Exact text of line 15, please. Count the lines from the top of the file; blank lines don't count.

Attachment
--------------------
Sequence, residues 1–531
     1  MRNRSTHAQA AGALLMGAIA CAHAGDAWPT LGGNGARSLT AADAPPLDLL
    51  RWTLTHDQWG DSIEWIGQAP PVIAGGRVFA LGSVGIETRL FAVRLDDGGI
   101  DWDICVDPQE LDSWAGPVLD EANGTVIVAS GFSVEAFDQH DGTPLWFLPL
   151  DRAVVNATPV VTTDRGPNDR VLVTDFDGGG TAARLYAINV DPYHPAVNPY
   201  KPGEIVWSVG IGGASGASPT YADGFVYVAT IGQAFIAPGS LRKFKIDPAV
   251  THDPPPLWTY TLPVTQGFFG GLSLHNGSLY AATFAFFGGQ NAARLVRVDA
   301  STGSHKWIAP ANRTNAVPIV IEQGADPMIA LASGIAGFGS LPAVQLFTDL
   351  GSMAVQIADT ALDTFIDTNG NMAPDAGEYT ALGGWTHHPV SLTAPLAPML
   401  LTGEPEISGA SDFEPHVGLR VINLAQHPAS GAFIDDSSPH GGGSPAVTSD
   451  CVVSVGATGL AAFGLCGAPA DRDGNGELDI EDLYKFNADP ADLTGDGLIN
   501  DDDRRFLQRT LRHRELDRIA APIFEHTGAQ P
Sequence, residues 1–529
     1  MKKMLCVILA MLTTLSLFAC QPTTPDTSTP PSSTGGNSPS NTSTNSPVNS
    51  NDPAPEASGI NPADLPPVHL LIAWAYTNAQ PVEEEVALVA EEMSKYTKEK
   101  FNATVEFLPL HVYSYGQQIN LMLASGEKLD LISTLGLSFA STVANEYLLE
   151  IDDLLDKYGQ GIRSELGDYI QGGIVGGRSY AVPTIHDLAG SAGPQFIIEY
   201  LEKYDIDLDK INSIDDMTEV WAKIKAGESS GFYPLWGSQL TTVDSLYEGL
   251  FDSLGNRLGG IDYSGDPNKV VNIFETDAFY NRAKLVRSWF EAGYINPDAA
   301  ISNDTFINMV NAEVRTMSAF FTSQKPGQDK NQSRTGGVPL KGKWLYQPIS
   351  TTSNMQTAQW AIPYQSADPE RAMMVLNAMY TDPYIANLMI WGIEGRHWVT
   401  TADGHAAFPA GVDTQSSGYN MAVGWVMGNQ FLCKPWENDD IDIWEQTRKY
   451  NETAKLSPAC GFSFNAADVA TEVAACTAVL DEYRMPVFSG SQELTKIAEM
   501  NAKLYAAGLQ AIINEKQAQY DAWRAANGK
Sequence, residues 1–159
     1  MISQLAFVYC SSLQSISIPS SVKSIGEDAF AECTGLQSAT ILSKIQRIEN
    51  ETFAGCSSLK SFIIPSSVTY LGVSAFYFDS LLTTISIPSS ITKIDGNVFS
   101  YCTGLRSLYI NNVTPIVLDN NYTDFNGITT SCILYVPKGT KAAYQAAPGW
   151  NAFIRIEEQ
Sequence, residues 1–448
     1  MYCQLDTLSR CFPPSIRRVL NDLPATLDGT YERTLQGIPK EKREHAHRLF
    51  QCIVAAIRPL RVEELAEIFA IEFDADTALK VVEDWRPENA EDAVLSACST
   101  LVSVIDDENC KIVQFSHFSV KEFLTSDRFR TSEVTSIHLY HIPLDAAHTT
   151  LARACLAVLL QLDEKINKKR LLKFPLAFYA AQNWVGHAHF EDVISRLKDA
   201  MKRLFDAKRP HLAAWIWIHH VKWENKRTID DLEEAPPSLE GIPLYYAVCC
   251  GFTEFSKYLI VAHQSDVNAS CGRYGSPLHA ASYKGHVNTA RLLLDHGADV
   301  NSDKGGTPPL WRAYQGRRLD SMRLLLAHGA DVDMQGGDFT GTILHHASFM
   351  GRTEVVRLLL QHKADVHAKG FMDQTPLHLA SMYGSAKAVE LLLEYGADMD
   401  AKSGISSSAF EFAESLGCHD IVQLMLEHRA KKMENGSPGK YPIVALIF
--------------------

    51  NDPAPEASGI NPADLPPVHL LIAWAYTNAQ PVEEEVALVA EEMSKYTKEK